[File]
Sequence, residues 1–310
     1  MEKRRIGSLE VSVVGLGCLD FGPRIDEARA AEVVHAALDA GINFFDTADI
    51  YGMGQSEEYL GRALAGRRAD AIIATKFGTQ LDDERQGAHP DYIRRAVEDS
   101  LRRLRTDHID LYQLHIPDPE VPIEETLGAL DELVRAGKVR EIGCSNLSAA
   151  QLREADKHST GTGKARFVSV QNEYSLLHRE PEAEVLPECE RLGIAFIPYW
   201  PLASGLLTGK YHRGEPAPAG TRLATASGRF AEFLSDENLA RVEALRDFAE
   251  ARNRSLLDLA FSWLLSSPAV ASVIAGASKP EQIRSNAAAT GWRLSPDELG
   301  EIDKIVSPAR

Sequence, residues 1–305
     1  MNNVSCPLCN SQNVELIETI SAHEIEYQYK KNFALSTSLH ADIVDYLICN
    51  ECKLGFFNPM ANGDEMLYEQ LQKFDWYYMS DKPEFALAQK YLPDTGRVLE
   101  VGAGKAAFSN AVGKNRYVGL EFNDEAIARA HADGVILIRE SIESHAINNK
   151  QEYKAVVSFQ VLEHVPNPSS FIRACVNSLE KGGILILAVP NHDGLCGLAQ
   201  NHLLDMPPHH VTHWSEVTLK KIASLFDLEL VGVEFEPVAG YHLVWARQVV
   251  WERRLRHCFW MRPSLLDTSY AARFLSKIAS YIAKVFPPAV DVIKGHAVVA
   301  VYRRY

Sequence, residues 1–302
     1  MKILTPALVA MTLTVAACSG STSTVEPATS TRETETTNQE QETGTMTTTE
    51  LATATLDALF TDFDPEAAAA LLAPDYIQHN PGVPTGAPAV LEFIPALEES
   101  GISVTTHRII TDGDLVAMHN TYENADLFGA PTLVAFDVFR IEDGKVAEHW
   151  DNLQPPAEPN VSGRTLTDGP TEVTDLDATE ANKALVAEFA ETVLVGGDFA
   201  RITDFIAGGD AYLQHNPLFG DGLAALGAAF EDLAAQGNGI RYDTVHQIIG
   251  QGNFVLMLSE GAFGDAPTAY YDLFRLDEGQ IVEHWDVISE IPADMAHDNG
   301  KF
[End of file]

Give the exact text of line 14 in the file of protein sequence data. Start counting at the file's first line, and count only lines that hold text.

   201  NHLLDMPPHH VTHWSEVTLK KIASLFDLEL VGVEFEPVAG YHLVWARQVV